John Quiñones (2013)
"A 20/20 Vision of Diversity"
John Quiñones is anchor of the Primetime television series What Would You Do? He is a seven-time Emmy Award winner and ABC's first Latino news correspondent. Quinones is also co-anchor of ABC's news show Primetime Live. His series What Would You Do? shows how people react when confronted with various dilemmas, including those that deal with race, gender, age and other diversity factors.
Johnetta B. Cole (2013)
Director of the Smithsonian Institution's National Museum of African Art
The Case for Diversity and Inclusion in American Higher Education
Johnetta Cole was the first African American woman president of Spelman College (GA) from 1987 to 1997. She also served as president of Bennett College for Women (NC) from 2002–2007, where she completed a $50 million campaign, opened an art gallery and initiated programs in Africana women's studies and global studies. In addition, Cole was the first African American woman to serve as board chair of United Way of America.
Mae Jemison, MD (2012)
First African American Woman in Space;
Founder and President of Two Medical Technology Companies
"Science and Technology Advances and Innovation through Diversity: People, Perspective and Purpose"
Dr. Jemison was working as a general practitioner in Los Angeles, California when NASA selected her and 14 others for astronaut training. Dr. Jemison completed her training as a mission specialist with NASA in 1988. In September of 1992, as a mission specialist aboard the Shuttle Endeavour, Mae Jemison became the first African-American woman to enter space.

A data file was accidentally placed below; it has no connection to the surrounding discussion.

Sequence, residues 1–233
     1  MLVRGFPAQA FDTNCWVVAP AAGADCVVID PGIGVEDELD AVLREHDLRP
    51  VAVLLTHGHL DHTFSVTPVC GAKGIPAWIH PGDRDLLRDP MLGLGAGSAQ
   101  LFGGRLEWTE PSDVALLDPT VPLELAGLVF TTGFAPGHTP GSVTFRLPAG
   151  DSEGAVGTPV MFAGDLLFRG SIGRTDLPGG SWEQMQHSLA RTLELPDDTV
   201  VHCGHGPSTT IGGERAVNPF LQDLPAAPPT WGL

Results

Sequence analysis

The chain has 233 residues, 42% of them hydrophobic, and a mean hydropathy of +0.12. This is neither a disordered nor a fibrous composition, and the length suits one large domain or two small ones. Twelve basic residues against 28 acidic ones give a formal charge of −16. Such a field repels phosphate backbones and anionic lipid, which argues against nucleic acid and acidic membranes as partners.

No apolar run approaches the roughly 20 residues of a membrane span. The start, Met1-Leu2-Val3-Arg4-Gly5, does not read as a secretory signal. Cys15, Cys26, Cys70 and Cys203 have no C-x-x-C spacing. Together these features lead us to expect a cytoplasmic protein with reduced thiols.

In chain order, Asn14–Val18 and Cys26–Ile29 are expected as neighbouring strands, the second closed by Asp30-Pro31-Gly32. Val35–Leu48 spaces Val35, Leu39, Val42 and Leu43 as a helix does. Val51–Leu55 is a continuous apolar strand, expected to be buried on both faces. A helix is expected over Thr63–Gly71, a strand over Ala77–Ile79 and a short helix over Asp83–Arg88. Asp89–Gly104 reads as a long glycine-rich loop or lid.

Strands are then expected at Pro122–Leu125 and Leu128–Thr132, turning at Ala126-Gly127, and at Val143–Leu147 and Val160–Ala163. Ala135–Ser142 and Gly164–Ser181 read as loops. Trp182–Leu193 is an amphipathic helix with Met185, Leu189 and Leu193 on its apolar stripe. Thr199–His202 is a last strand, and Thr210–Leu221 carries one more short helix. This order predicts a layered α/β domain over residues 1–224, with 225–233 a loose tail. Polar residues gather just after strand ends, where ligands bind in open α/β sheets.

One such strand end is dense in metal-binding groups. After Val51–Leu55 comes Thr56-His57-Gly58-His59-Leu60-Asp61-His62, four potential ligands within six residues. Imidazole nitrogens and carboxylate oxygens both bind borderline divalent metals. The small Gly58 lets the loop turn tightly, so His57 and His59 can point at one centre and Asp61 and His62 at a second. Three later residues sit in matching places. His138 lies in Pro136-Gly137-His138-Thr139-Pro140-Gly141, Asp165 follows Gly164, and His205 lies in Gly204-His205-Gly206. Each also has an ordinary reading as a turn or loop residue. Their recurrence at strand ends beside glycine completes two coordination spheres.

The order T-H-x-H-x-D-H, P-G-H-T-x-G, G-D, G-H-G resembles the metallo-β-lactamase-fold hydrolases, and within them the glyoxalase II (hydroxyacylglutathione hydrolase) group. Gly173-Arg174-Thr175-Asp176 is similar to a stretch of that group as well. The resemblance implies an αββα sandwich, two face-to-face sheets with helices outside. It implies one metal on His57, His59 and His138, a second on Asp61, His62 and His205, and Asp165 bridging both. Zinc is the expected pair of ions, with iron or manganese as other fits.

Luke Visconti (2011)
Partner and co-founder of DiversityInc Media LLC
"Innovation and Diversity: What Does Success Look Like?"
Mr. Visconti developed and directs the methodology for The DiversityInc Top 50 Companies for Diversity®. He also established the benchmarking consulting practice that is the core of DiversityInc's business. His column, "Ask the White Guy," is a top draw on DiversityInc.com. He is a frequent senior-level lecturer on the business benefits of diversity to corporations, business groups and nonprofit organizations.
Charles J. Ogletree Jr., JD (2010)
Charles J. Ogletree Jr. is the Jesse Climenko Professor of Law and Executive Director, Charles Hamilton Houston Institute for Race and Justice at Harvard. He is the author of The Presumption of Guilt: The Arrest of Henry Louis Gates Jr. and Race, Class, and Crime in America.
"Why Diversity Matters in the Obama Era"
Julianne Malveaux, PhD (2010)
"The Economic Case for Diversity"
Dr. Malveaux was the 15th president of Bennett College. She is an African-American economist, author, liberal social and political commentator, and businesswoman. As a writer and syndicated columnist, her work has appeared regularly in USA Today, Black Issues in Higher Education, Ms. magazine, Essence magazine, and The Progressive. Her weekly columns appear in numerous newspapers including the Los Angeles Times, the Charlotte Observer, the New Orleans Tribune, the Detroit Free Press, the San Francisco Examiner and the San Francisco Sun Reporter.